(d) Taga Tari. Someone who is proficient in the art of arming a Sabong with gaff or gaff on one or both legs.
(e) The referee (Sentenciador) observes and supervises Sabong’s proper training, determines Sabong’s physical condition,
the injury suffered by Sabong and his ability to continue the fight during the cockfight, and decides and informs him of his work or gestures
The decision and the result of the Sabong are made by declaring a winner or declaring a draw or a match without a match.
(f) Bettors (Llamado/Lamado/Christo). A person who participates in a Sabong game and uses money or other items of value to wager with other bettors
or through a bettor or promoter and win or lose according to the Sabong result announced by a referee or judge. He may be the owner of Sabong.
Section 5. Cockpit and philippines Sabong: General:
(a) Ownership, operation and management of the cockpit. Only Filipino citizens who are not prohibited by current laws can own,
manage and operate the cockpit. Encourage cooperative capitalization.
(b) Build the cockpit. Only one cockpit is allowed per city and municipality,
but cities and municipalities with a population of more than 100,000 can set up, maintain and operate two cockpits.
(c) Cockpit site and construction. The cockpit shall be constructed and operated in the appropriate area defined by zoning laws or regulations. In the absence of such laws or regulations,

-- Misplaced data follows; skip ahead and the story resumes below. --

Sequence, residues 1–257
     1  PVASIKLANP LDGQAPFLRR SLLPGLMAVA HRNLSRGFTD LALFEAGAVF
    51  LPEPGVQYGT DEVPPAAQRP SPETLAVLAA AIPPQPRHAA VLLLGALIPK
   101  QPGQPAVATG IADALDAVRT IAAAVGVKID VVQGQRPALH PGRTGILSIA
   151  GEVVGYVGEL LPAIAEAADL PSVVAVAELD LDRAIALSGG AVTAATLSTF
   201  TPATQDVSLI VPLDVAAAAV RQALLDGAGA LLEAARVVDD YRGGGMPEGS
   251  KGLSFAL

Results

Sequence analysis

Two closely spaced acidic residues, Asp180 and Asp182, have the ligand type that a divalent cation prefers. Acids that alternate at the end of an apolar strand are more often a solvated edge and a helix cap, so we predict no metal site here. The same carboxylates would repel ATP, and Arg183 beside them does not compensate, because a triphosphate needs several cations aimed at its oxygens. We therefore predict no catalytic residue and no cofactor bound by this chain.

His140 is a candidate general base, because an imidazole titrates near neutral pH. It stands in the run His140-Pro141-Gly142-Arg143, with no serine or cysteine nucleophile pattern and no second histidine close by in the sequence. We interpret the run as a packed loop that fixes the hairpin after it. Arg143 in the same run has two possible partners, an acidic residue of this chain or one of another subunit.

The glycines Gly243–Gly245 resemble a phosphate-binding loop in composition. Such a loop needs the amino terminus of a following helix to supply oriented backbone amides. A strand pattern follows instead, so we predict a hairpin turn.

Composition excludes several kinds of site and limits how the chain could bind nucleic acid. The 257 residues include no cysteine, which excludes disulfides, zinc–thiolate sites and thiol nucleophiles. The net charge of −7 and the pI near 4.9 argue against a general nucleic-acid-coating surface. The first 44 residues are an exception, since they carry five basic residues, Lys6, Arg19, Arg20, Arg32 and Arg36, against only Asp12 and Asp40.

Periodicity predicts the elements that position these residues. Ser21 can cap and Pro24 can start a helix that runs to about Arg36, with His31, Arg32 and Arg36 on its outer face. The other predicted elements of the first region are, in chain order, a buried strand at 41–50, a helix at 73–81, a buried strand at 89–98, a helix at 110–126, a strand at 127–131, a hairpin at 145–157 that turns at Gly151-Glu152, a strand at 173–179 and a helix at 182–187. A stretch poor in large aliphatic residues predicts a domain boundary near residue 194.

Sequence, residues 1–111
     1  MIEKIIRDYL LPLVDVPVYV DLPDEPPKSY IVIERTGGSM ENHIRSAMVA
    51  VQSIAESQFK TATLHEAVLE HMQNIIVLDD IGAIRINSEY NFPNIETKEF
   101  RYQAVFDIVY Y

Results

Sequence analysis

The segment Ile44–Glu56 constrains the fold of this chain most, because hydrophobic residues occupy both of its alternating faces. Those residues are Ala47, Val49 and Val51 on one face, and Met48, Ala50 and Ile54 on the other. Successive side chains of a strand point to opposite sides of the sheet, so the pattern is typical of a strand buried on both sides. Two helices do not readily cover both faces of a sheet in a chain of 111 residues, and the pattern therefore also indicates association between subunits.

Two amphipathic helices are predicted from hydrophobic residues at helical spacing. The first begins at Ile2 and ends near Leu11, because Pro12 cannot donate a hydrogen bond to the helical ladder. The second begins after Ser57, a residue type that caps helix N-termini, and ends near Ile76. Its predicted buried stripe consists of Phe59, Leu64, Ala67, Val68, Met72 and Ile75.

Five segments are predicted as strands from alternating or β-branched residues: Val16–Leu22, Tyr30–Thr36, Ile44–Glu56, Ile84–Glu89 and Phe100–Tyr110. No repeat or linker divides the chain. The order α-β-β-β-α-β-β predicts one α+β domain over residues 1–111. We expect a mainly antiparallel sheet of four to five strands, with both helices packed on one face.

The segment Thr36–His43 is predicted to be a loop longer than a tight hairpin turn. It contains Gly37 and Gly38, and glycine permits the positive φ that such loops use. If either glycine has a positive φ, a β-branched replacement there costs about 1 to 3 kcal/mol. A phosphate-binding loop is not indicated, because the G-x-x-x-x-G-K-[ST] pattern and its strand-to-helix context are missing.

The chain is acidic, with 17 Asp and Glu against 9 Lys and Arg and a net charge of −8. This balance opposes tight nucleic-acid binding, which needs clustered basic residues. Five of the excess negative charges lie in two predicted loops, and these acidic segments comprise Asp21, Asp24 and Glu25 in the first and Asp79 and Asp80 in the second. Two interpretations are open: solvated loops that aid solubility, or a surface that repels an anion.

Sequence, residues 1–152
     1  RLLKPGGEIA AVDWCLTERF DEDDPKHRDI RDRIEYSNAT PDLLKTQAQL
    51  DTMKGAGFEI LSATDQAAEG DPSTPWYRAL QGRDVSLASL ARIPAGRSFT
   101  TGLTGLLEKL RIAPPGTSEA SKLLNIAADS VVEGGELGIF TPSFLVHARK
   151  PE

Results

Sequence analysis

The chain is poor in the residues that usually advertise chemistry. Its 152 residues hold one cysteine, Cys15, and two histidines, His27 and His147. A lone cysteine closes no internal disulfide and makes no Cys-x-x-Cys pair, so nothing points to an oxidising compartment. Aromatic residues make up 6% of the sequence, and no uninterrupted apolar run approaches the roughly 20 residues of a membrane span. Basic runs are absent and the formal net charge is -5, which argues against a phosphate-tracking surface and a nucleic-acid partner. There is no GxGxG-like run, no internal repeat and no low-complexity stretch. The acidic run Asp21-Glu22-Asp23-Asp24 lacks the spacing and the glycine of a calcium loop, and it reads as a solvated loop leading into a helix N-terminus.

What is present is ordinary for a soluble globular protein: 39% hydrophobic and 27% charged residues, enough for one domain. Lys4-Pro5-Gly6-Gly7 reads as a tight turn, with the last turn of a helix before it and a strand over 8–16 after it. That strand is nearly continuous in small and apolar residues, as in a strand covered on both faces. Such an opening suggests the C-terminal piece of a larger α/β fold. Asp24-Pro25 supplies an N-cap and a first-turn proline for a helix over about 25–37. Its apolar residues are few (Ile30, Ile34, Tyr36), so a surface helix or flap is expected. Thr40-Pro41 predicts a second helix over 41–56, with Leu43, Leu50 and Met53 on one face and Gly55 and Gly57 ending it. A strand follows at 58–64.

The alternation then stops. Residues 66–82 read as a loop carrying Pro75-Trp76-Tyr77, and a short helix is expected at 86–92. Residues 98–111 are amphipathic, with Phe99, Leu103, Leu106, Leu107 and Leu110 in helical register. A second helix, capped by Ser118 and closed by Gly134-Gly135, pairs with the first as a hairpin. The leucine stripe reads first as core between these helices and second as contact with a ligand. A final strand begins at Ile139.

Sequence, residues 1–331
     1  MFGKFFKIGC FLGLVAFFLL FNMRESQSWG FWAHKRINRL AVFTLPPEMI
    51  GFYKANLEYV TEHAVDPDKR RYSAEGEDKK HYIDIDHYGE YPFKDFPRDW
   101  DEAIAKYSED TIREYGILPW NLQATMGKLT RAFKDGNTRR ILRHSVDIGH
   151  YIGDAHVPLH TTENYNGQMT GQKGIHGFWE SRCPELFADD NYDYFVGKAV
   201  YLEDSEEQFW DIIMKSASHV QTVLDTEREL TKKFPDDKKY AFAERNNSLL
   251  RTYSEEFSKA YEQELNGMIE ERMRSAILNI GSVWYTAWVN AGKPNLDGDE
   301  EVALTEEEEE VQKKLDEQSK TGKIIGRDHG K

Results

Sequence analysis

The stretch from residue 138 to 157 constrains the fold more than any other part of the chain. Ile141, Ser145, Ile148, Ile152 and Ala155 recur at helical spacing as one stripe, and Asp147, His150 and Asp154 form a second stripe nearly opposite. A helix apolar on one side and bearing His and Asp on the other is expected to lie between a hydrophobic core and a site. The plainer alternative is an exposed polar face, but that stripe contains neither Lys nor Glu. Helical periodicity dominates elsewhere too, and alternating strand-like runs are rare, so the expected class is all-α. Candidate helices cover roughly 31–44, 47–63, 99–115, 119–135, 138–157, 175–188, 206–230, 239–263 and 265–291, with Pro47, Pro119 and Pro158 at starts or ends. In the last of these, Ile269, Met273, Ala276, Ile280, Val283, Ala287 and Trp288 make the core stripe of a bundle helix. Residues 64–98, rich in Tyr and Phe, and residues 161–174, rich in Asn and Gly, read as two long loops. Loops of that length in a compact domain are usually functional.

local administrators should ensure that cockpits are not constructed in or near existing residential or commercial areas, hospitals, school buildings, churches,
or other public buildings. Owners, lessees or operators of existing cockpits that do not meet this requirement have three years from the date of entry into force of this Decree to comply.
Building permits for the construction of cockpits are approved or issued by municipal or provincial engineers in accordance with their respective building codes, ordinances, or engineering laws and practices.
(d) hold Sabong. Except as provided in this Decree, Sabong in a licensed cockpit is only permitted on Sundays and statutory holidays and local festivals for a period not exceeding three days.
May also be held during provincial, municipal or municipal, agricultural, commercial or industrial fairs, carnivals or fairs for a period of three days,
as determined by the province, city or municipality holding such fairs, carnivals or fairs, subject to the Commissioner of Police or his authorization Delegate Approval: